This is where a job is broken up into units of work, with estimates provided for each. These contracts are often used for jobs where the amount of work required isn’t fully understood before works begin or material costs are an important factor.
Although this can lead to owners paying more than they initially planned to, once the cost of a unit is established, there is much greater transparency. It’s easier for owners to understand the costs that make up the total cost, with extra work added as standardly priced units. This also allows for straightforward invoicing.
One threat to this transparency and simplicity when a unit is remeasured, a scenario which will obviously cause delays.
Unit price contracts are sometimes known as measure and pay contracts, measurement contracts or remeasurement contracts.
What should be considered when determining a construction project contract?
Cashflow is an important consideration when weighing up a certain type of contract. For example, if you’re expected to purchase materials up front yourself, you need to bear this considerable expense in mind.
Then there’s the question of how long a job will take. As any experienced contractor will know, quoting for a project is not an exact science. Weather, manpower, availability of other contractors – these are all factors that can see a job become delayed and stretch out.
Allied to this, it can often be difficult to stay within a budget, particularly if a job doesn’t go to plan or a client changes their mind. Naturally, it’ll be easier to estimate costs and timings if you’ve carried out similar jobs before.
If you don’t have much flexibility in terms of budget or timeframes, a fixed-term or fixed-price contract might be the best option for you. A time and material contract will also protect you against any surprise costs. While these types of contracts offer you security, they will, however, also restrict your ability to make profits.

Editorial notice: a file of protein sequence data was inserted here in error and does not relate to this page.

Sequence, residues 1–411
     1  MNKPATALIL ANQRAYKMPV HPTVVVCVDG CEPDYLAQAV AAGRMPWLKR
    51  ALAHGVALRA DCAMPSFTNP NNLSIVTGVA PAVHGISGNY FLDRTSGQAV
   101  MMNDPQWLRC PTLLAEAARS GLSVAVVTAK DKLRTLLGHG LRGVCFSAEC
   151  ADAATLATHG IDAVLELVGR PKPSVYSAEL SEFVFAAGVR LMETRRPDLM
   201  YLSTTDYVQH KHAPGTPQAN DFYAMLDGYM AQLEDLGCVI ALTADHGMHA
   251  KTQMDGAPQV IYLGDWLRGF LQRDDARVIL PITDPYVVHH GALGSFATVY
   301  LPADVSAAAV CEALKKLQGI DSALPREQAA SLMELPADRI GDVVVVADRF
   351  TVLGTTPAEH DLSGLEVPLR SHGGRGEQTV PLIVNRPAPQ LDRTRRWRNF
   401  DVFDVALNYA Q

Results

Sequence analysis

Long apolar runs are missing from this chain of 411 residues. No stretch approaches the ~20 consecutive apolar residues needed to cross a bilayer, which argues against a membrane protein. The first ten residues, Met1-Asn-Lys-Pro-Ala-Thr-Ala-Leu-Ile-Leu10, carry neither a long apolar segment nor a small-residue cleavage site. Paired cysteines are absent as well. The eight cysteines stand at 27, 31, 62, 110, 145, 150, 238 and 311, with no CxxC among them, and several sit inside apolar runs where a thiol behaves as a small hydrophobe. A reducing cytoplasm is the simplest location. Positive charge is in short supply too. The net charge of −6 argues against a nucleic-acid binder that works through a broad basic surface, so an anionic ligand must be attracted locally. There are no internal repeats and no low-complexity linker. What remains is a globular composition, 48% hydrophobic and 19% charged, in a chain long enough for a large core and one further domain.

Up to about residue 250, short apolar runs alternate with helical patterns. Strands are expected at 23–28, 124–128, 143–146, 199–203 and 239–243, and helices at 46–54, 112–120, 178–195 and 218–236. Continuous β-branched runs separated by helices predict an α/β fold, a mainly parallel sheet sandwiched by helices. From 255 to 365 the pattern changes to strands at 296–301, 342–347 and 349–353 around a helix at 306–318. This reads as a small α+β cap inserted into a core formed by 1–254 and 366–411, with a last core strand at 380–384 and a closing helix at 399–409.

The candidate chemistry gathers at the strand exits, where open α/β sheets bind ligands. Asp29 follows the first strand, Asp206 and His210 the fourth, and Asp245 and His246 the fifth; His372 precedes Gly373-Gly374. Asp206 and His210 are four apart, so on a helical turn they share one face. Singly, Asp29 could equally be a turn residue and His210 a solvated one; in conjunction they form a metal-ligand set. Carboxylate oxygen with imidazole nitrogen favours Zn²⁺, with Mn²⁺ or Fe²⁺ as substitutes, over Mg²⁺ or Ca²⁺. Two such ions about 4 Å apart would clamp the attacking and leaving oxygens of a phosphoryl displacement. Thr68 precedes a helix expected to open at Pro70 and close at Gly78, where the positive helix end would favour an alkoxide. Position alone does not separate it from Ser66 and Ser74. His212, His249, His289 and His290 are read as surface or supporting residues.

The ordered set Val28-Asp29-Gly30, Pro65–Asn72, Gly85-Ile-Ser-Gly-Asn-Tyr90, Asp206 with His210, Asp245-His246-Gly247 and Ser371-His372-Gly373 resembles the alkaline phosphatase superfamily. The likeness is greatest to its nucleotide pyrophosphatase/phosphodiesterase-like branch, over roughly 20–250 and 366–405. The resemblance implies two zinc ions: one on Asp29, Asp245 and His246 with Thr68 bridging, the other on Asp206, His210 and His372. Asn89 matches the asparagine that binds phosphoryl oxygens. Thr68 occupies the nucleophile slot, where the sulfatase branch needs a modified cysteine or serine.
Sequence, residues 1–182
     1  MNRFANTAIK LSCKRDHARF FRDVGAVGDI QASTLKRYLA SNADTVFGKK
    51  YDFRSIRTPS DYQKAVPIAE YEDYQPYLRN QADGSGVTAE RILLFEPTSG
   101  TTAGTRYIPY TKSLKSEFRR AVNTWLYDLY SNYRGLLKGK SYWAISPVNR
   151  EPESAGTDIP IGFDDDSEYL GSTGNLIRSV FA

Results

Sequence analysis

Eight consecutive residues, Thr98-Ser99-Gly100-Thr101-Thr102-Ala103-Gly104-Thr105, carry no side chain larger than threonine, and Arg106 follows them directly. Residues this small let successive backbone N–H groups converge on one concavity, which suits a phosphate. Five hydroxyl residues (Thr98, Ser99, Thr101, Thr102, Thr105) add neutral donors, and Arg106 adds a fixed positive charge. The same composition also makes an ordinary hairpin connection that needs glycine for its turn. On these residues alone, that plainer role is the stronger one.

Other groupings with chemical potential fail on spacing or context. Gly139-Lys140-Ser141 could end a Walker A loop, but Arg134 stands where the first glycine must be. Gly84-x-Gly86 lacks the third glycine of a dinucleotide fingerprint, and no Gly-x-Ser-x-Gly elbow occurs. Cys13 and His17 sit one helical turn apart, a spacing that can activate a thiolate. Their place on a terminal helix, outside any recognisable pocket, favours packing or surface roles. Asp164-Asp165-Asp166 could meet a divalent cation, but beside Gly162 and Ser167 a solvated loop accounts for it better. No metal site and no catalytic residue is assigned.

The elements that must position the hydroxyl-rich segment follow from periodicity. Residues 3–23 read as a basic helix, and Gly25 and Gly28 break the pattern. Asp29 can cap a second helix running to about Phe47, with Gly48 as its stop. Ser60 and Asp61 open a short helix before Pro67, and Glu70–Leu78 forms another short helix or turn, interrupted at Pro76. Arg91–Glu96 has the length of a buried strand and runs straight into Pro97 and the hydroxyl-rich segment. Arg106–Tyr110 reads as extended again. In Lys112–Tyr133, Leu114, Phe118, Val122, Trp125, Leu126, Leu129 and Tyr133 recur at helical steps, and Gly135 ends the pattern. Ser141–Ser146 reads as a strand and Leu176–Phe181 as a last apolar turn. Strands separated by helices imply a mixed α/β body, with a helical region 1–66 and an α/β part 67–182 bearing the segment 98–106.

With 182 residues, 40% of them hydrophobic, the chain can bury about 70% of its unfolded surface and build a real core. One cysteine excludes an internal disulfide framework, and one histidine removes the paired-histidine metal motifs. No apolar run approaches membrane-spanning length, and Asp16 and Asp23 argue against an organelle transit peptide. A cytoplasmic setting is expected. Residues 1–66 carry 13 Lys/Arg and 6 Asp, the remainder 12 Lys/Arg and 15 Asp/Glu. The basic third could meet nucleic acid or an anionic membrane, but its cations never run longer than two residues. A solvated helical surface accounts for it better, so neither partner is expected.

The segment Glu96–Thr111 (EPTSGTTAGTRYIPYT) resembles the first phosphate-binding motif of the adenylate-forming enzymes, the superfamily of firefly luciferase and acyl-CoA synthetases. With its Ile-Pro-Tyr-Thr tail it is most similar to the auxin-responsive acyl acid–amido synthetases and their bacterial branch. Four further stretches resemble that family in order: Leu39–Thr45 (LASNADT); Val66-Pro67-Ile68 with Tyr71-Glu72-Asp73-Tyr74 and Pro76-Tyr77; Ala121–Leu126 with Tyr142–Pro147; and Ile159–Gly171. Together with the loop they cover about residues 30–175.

How to win construction contracts
Of course, the main consideration when evaluating construction jobs is profit, although the prestige of a project and the time involved will also play their role. Once you’ve identified a project, it’s time to bid for it.
Be detailed in your tender. As well as outlining specific plans for the job, you might also want to include your productivity data and highlight the return on investment the client can expect. It can also be advantageous to include information about subcontractors you have relationships with, so that the project owner sees you can react quickly to any unexpected changes in the scope of work.
While you should be careful to spend sufficient time on your tender, it’s always a good idea to respond to a request for proposal early on. If you’re one of the first companies to get a bid in and have proposed a workable solution, you’ll certainly be among the favourites to land the project.
What do clients look for in a bidder?
A balanced budget: While the bottom line is undoubtedly a huge factor in any decision, clients will also want to see the benefits of your bid weighed against the budget.
Trustworthiness: If you’re in a client’s contact network, they’re more likely to favour your bid. But even if you’re not, you can still show them – through accreditations and testimonials – that you’re trustworthy.
Experience: Showcase your past work and highlight your team’s expertise. If a project owner can see you’ve done a similar job before, they’ll be more willing to let you take the reins on their project.
Flexibility: Bigger jobs rarely go to plan because there are so many variables and stakeholders. If you can show that you’ve been flexible on previous projects, clients will know you can adapt to changing requirements again.
From the owner’s needs to material costs, and timeline pressures to project complexity, each job is different to the last. Although you might have a preference for a certain type of contract, it always makes sense to weigh all the various factors up before you sign on the dotted line.
Once you’ve signed it, you’re committed to the terms of the contract, so make sure you only enter into a contract that works for you.